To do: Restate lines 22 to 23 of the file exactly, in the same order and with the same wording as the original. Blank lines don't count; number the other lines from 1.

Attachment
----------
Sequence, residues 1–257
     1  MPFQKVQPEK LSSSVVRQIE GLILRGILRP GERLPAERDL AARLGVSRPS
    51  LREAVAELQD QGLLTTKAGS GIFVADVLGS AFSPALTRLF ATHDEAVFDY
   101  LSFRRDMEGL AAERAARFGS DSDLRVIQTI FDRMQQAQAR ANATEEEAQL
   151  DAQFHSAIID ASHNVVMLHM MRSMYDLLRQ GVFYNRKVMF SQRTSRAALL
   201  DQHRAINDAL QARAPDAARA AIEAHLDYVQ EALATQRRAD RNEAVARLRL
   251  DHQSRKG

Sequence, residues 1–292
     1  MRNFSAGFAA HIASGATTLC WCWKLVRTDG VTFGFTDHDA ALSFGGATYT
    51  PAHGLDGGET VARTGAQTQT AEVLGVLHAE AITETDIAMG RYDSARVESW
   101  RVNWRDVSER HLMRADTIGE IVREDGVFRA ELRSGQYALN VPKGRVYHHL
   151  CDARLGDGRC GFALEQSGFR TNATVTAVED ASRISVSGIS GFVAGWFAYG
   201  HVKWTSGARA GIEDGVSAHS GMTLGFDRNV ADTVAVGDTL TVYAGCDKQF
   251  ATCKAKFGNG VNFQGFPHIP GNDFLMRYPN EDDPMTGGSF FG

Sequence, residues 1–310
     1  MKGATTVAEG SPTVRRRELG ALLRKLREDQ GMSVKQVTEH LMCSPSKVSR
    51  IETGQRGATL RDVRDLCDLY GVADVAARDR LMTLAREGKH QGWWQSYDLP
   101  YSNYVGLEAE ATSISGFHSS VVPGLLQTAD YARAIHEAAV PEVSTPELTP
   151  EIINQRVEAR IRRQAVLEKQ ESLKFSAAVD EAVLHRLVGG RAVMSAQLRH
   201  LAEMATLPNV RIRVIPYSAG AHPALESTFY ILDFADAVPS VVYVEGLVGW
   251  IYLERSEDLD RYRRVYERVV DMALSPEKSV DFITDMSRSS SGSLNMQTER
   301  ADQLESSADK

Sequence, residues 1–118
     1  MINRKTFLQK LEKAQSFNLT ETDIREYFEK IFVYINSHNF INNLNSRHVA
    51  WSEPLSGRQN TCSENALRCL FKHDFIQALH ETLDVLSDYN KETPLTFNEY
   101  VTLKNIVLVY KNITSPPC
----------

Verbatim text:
   301  ADQLESSADK

Sequence, residues 1–118